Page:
Zee Media Bureau/Supriya Jha
Moscow: Seeking to send a loud and clear message to Barack Obama and American people, Russian President Vladimir Putin on Thursday wrote an opinion piece in New York Times, seeking to present a strong case against any US military strike on Syria, saying it would unleash a new "wave of terrorism".
Titled smartly – "A Plea for Caution From Russia", Putin`s op-ed wears a warning tone topped with the tinge of an appeal as the Russian leader slams America`s frequent military intervention in internal conflicts as alarming.
Reiterating what he has been saying since US planned military strikes on Syria as a punitive action for chemical attacks, Putin warned that any US act without UN nod would constitute an act of "aggression" and it would trigger a new wave of terrorism and throw the entire international system and Mideast out of gear.
Published online in New York Times just few hours before US Secretary of State John Kerry and Russia`s Sergei Lavrov are to meet in Geneva to discuss Syria handover plan proposed by Russia, Putin seems to make his case against the US strike in a similar way that Obama had used to try to muster support over his Syria strike plan.
In what sounded as a counter-comment to Obama, Putin said that the world saw the US "not as a model of democracy but as relying on brute force".
It is remarkable to note what Obama in his Rose Garden speech had said: "I am mindful that I`m the President of the world`s oldest constitutional democracy. I`ve long believed that our power is rooted not just in our military might, but in our example as a government of the people, by the people, and for the people."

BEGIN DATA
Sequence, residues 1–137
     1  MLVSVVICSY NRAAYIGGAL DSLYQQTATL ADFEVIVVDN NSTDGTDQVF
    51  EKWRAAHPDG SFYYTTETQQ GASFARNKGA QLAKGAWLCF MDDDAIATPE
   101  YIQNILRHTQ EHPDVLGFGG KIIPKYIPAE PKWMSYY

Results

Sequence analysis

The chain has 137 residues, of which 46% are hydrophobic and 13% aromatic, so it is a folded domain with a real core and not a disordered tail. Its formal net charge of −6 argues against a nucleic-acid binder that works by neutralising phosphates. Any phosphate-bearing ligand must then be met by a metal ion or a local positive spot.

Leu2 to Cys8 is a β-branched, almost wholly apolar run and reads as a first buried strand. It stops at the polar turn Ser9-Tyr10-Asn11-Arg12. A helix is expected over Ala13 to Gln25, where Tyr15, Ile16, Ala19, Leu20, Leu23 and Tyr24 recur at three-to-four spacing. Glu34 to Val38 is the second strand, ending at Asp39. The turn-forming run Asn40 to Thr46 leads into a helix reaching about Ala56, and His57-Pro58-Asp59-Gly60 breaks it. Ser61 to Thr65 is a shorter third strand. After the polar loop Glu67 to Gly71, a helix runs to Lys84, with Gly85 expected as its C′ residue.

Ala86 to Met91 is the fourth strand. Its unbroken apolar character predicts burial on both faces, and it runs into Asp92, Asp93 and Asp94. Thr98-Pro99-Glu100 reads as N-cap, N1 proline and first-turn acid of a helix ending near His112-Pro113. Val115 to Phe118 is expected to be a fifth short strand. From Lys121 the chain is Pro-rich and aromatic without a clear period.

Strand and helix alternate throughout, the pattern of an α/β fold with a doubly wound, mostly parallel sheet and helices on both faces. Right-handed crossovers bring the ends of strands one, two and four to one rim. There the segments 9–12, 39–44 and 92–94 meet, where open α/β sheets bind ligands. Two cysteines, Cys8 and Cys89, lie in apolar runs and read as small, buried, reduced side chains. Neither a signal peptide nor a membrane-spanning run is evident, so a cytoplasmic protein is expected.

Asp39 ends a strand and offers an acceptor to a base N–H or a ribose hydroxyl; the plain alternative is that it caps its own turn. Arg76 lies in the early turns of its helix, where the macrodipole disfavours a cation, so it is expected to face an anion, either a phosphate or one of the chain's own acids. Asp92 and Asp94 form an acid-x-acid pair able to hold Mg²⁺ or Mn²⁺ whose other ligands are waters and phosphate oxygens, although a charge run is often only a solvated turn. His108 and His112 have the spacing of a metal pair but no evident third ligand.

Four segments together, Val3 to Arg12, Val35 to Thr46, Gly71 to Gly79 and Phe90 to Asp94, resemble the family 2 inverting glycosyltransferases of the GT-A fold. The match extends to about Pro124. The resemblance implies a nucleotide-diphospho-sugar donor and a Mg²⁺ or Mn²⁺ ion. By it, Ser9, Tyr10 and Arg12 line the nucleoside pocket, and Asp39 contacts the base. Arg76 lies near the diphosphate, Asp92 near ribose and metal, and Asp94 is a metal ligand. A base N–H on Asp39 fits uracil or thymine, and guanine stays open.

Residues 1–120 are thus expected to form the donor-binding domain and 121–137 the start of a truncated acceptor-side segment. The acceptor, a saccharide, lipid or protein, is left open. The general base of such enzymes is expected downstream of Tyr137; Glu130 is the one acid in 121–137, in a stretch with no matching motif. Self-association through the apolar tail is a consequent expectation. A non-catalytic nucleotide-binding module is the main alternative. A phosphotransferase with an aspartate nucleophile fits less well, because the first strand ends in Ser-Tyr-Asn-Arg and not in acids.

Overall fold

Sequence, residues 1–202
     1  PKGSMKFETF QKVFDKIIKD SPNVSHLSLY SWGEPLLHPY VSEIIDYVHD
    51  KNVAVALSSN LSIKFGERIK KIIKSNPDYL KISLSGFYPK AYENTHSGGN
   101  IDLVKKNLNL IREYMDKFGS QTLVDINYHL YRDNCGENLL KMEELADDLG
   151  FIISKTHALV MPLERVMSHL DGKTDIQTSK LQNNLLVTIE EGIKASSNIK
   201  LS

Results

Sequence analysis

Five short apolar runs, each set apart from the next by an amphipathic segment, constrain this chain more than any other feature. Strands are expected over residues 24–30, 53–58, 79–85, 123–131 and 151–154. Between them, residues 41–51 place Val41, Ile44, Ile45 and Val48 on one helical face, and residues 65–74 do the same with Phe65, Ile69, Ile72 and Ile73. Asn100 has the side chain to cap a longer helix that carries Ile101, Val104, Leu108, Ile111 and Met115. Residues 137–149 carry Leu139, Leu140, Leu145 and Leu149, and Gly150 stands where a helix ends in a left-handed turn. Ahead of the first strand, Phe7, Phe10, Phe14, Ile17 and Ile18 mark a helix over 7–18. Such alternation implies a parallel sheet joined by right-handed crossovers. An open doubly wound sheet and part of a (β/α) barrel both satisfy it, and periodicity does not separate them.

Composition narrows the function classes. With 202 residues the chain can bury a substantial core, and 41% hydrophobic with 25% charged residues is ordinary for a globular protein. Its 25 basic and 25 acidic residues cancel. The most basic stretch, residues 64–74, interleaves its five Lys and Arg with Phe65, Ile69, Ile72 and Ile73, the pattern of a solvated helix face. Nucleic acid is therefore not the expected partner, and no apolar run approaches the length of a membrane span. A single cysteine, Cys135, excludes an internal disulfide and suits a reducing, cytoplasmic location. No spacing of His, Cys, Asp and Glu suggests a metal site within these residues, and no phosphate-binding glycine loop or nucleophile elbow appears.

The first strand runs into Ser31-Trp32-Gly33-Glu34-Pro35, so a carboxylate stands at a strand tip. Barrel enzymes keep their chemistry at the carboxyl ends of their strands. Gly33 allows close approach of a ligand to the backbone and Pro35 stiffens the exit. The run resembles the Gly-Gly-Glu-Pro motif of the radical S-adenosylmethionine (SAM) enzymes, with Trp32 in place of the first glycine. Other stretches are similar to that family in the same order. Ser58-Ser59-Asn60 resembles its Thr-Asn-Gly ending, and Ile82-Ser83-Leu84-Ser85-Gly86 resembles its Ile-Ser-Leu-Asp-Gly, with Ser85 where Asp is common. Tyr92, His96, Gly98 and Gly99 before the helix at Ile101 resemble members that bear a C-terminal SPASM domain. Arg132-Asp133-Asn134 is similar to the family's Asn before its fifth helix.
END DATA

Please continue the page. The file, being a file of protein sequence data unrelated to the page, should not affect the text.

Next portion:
Further hitting out at US in an indirect refernece, Putin said, "It is extremely dangerous to encourage people to see themselves as exceptional, whatever the motivation."
"There are big countries and small countries, rich and poor, those with long democratic traditions and those still finding their way to democracy. Their policies differ, too," he wrote.
Speaking about the negative ramifications of a potential strike by the United States against Syria, Putin said it will "result in more innocent victims and escalation, potentially spreading the conflict far beyond Syria’s borders".
Extending the adverse effects to Iran, Israel-Palestine, Middle East and North Africa, Putin warned that the attack could "undermine multilateral efforts to resolve" various internal inflicts and destabilize the entire region.
Talking about the use of chemical weapons, Assad said he had no doubt Sarin gas was used but not by Assad regime. Putin blamed the rebels for having used poison gas.
Strengthening his case to avert US strike, Putin said, If an attack could be avoided it would lead to a better atmosphere in international affairs and increased mutual trust.
"We must stop using the language of force and return to the path of civilized diplomatic and political settlement," he said.
Putin`s latest appeal-cum-warning to the United States over Syria comes at a time when permanent members of the UN council are to meet to discuss Russian plan on handover of Syria chemical weapons.
There exists a deep divide among the five permanent veto-weilding members on how to enforce the chemial stockpile handover plan with France, UK and US demanding a binding resolution for Syria that would call for penalties in case of non-compliance, whereas Russia has said it was unacceptable to put up a resolution with the threat of military strikes.
Russia also objected to putting any kind of ultimatum for Syrian disarmament.